Will California Grapes Rot on the Vine?

Stormy days for California winemakers as heavy rains pound an already late vintage
Oct 14, 2011

The sun has returned for now to California wine country, but following a series of rainstorms that swept through the state in the past two weeks, growers and winemakers are scrambling to salvage what was once a promising vintage. "This really sucks," said Fetzer winemaker Dennis Martin. "I've been in the business for 36 years and this is one of the worst vintages I've ever seen."

Veteran winemaker David Graves of Saintsbury agreed that 2011 is one of the most challenging of his career. "It's not a vintage for the faint of heart," he said.

After a late start in the spring and generally moderate summer weather—temperatures rarely rose above 90° F in Northern California, for example—winemakers had been biting their nails since Labor Day. Storms played havoc with harvest in 2009 and 2010, but if the rain held out and warm weather persisted into November, then 2011 looked to be a promising season.

Northern California bore the brunt of the storms, which arrived Oct. 5 and continued on and off for a week. Sonoma County received 2-plus inches of rain, while Paso Robles along the Central Coast received a little more than an inch.

One of the hardest-hit regions is Russian River Valley in Sonoma County. "Chardonnay is not looking pretty right now," Martin said. "There's a lot of botrytis." Botrytis is a mold that dehydrates the grapes, leaving them shriveled and raisinlike—good for Sauternes, not good for Pinot Noir and Chardonnay.

Ulises Valdez, who runs a vineyard management company and makes wine under the Valdez Family label, said Zinfandel and Syrah in Russian River and Dry Creek valleys took a hit from mold and rot. "Twenty-three tons of my Zinfandel are gone," Valdez said.

Whether or not to pick before the rains was a tough call for growers. "A lot of the Chardonnay, especially in Russian River, was just not ready," said Bill Knuttel, winemaker at Dry Creek Vineyards.

Many grape contracts between growers and wineries dictate a minimum level of Brix, which is a measurement of sugar content. A Brix level of 24 is a typical goal, but before the rain many of the vineyards were reading 22.5 or less, which would translate to about 12.5 percent alcohol, low by current California standards. Growers who saved their grapes from the rain by picking at low ripeness may have to sell their crop at a steep discount, often hundreds of dollars a ton less than they expected.

Regions such as Santa Lucia Highlands and Santa Barbara had significantly less rain, but they were racing the same clock. "If we felt the fruit was within three or four days of being optimal, we picked before the rains hit," winemaker Brian Loring said. Loring decided that many of his vineyards in Sonoma simply weren't ready and risked the rain. "I still think it was the right call, since ripe fruit with some mold is better than unripe fruit that's pristine."

In Paso Robles, Linne Calodo winemaker Matt Trevisan said the vines seem to have minimal disease problems. "There is nothing that needs to be pulled immediately," Trevisan said. Acid levels remain too high to pick, so he's waiting. "It's better to harvest a few grapes that are great as opposed to a lot of grapes that are so-so," he said.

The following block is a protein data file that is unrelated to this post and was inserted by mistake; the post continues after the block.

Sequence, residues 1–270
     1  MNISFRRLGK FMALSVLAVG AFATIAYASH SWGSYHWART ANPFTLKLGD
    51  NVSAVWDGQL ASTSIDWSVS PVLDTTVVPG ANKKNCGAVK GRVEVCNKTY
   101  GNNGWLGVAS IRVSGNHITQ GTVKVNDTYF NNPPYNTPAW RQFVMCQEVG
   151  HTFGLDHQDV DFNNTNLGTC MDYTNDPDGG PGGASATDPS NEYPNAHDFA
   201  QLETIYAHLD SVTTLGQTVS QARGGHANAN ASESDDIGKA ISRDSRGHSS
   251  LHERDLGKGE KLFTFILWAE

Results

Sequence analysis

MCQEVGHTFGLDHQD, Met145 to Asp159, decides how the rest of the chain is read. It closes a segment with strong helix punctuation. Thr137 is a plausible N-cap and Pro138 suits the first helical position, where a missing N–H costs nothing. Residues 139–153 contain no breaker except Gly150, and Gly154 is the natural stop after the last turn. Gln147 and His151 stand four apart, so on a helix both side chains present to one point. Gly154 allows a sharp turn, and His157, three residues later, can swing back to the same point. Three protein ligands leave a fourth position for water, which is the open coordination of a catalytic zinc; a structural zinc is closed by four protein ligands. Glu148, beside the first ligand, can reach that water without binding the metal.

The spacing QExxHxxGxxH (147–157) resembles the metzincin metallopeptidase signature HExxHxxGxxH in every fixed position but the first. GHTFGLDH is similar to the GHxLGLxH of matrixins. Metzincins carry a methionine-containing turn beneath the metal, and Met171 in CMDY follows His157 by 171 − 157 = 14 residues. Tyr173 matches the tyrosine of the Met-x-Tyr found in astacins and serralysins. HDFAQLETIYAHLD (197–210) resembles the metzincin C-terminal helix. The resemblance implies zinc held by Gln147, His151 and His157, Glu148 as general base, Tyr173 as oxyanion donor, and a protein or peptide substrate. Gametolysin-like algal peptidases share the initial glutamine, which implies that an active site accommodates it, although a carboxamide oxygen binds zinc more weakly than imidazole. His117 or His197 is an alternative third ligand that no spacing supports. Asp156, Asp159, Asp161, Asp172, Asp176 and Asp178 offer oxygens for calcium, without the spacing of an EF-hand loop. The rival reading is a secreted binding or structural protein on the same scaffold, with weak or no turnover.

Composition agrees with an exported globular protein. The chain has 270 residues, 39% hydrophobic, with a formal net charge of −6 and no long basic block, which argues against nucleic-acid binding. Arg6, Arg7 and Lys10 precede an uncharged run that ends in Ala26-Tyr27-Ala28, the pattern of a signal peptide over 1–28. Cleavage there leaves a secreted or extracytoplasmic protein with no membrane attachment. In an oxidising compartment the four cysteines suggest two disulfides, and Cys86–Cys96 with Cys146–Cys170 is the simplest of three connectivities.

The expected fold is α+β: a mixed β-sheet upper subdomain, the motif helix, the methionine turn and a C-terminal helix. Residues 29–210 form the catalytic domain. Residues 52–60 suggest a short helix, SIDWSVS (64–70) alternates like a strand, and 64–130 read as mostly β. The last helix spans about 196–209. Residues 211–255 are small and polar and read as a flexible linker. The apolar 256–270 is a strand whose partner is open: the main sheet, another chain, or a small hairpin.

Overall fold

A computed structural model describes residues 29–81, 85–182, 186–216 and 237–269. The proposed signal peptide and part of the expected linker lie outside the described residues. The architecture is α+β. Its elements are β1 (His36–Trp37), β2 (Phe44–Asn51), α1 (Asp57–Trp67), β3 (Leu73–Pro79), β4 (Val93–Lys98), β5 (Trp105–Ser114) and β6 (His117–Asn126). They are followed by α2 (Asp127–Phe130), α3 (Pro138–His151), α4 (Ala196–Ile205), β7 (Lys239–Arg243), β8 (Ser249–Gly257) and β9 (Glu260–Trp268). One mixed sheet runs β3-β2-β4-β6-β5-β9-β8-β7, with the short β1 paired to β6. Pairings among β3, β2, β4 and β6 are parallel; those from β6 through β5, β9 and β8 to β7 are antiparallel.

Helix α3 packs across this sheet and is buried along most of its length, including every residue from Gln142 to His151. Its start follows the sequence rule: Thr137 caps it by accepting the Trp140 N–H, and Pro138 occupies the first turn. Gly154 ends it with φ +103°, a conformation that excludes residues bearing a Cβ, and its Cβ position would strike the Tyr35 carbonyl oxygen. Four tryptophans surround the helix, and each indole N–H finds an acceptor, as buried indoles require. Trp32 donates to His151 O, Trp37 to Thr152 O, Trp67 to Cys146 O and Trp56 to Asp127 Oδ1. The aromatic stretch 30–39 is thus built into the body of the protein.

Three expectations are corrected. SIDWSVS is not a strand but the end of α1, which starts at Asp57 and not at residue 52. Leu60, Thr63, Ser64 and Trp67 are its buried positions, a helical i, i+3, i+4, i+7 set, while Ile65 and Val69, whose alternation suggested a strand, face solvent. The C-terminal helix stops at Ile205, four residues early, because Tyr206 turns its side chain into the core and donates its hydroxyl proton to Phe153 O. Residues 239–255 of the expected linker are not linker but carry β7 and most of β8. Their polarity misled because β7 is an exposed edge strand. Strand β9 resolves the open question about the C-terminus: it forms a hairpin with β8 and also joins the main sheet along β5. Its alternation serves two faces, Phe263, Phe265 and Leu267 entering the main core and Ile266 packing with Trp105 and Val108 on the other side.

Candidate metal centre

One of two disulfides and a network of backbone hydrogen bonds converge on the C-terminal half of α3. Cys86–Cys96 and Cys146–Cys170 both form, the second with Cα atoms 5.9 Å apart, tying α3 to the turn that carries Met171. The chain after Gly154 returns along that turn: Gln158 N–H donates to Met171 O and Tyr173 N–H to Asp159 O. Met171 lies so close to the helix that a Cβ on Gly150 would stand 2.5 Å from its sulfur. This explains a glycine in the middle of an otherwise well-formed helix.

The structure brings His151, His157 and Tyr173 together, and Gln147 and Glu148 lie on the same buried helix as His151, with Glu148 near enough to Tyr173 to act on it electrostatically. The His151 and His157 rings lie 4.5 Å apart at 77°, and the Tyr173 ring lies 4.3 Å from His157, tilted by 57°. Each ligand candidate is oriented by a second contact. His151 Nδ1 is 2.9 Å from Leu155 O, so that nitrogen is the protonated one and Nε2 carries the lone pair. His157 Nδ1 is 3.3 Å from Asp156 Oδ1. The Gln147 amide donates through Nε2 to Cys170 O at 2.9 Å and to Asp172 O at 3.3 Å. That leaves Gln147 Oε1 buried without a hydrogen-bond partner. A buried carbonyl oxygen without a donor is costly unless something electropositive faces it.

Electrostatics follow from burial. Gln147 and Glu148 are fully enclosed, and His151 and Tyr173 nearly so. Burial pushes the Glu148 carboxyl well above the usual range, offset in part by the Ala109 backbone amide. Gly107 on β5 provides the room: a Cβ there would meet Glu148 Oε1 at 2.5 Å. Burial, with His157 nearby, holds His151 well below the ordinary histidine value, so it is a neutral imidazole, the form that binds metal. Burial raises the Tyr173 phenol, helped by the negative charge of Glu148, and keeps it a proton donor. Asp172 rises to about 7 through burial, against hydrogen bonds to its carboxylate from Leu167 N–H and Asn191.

In Napa Valley, Genevieve Janssens, director of winemaking at Robert Mondavi Winery, reported that their Cabernet Sauvignon survived the rain relatively unscathed. "The sugars are definitely going to be lower this year and we are going to see lower alcohol," said Anna Monticelli, winemaker at Piña Cellars. Like Cabernet, later-ripening grapes such as Syrah and, to some degree Merlot, were able to weather the rain. In Carneros, Graves was able to bring in most of his fruit before the storm and will finish picking Chardonnay and Pinot by this weekend, several weeks behind the norm.

Walking through the vineyards in some regions, winemakers report that even typically hearty grapes like Cabernet are so bloated by the rain that the skins are cracking open. "They just burst open in your hand," Knuttel said.

The full impact of mold and rot problems is still being assessed since it often takes a full week before problems surface. For now, winemakers are sorting through the grapes as they arrive and removing diseased fruit as best they can. That will leave even less fruit, and the size of the 2011 crop was already considered tiny.

In many European regions, vintners can chaptalize—adding sugar to underripe grapes, which is not legal in California. Instead winemakers like Martin will use fruit concentrate to boost the sugar levels for some of the value Fetzer labels. "It helps fill out the body," Martin said.

Is it already too late to fully ripen Cabernet and Syrah? Days are growing shorter, Knuttel noted, and even if temperatures reach the upper 80s, those temperatures are sustained only for a few hours this time of the season. "Even if you wish for warmer weather than we're having now, you're just not gonna get there from here," said Graves, who predicted that many of the 2011 reds will be similar to the 1998s. "The big, ripe style of wine is going to be hard to find in 2011; I don't care how much concentrate you use."

More Harvest Report 2011

See More

2011 Vintage Report: United States

Nov 18, 2011

2011 Vintage Report: California

Nov 17, 2011

2011 Vintage Report: Europe

Nov 16, 2011

2011 Vintage Report: Italy

Nov 15, 2011

2011 Vintage Report: France

Nov 14, 2011

Harvest United States California Harvest Report 2011 News

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